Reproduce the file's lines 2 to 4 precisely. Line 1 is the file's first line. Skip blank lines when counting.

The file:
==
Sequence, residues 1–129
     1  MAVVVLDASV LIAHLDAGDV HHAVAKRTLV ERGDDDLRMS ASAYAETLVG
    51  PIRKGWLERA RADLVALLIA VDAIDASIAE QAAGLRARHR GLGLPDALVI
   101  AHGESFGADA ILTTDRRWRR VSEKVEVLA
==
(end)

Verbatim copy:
     1  MAVVVLDASV LIAHLDAGDV HHAVAKRTLV ERGDDDLRMS ASAYAETLVG
    51  PIRKGWLERA RADLVALLIA VDAIDASIAE QAAGLRARHR GLGLPDALVI
   101  AHGESFGADA ILTTDRRWRR VSEKVEVLA